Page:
Katherine Isaacson helped put in plants and trees.
On May 9 and June 9, 35 volunteers planted around 2,000 native trees and plants, 60 species, in the Dyke Marsh Wildlife Preserve, an initiative of the Friends of Dyke Marsh (FODM) and their partners, the National Park Service, Earth Sangha and the Audubon Society of Northern Virginia (ASNV). The .65-acre site was previously overwhelmed with non-native or invasive plants, like English ivy, mile-a-minute and stiltgrass.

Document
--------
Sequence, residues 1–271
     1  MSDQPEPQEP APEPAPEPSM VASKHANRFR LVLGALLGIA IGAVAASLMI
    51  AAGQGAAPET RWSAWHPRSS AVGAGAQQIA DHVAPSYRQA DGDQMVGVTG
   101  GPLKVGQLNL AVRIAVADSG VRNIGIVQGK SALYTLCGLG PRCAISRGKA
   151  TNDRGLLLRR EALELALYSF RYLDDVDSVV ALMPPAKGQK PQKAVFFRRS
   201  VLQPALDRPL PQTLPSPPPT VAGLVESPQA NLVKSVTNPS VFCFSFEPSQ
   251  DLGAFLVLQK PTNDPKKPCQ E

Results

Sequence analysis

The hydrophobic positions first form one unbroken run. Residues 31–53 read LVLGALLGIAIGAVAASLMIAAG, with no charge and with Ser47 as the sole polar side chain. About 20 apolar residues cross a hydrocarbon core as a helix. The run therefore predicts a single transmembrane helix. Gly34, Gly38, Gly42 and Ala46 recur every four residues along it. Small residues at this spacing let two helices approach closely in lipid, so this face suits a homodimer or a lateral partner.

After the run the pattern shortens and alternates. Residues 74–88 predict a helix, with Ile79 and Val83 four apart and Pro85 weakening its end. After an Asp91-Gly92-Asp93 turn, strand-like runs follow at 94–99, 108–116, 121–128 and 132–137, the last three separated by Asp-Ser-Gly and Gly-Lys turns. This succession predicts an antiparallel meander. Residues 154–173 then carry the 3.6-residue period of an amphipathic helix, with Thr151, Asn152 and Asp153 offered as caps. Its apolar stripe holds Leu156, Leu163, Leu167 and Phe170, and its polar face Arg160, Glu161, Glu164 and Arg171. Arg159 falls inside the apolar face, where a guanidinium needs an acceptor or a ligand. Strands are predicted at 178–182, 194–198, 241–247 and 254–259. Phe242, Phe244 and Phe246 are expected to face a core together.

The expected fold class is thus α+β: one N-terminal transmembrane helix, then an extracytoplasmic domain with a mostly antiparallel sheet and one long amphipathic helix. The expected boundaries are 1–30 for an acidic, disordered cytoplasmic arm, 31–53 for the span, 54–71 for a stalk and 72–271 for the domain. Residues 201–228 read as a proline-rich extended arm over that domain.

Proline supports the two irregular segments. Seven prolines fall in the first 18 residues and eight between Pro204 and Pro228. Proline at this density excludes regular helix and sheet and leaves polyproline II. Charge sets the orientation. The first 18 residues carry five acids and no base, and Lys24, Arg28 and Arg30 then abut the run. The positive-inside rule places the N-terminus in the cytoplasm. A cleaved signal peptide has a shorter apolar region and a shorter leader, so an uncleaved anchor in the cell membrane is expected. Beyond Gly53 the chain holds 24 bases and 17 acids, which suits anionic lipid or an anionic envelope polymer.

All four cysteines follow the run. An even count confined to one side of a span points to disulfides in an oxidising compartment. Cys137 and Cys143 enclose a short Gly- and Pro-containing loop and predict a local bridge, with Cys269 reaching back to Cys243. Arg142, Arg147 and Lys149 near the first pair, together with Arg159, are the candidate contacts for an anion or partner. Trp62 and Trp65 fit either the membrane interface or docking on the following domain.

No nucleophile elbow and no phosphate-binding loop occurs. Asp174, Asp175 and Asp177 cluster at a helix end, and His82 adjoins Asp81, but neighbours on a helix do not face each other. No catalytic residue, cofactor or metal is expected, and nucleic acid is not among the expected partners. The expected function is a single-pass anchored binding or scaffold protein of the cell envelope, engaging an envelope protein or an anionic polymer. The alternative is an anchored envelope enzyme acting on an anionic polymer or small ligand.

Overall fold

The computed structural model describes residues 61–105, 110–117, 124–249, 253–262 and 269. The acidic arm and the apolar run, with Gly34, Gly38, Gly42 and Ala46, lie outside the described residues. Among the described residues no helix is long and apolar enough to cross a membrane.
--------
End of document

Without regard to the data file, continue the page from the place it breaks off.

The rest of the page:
Many invasive plants reproduce rapidly, outcompete natives and have no natural controls to keep them in check. Native species occur naturally in an area, enable a healthy, functioning ecosystem and provide more support for the native insects, birds and other wildlife with which they co-evolved.
FODM received grants from the National Environmental Education Foundation, Transurban, ASNV and Earth Sangha and member donations to purchase plants.
The Dyke Marsh Wildlife Preserve, a National Park Service unit of the George Washington Memorial Parkway, is a freshwater, tidal marsh on the Virginia side of the Potomac River in Fairfax County near Alexandria. For more information, visit www.fodm.org and www.nps.gov/gwmp.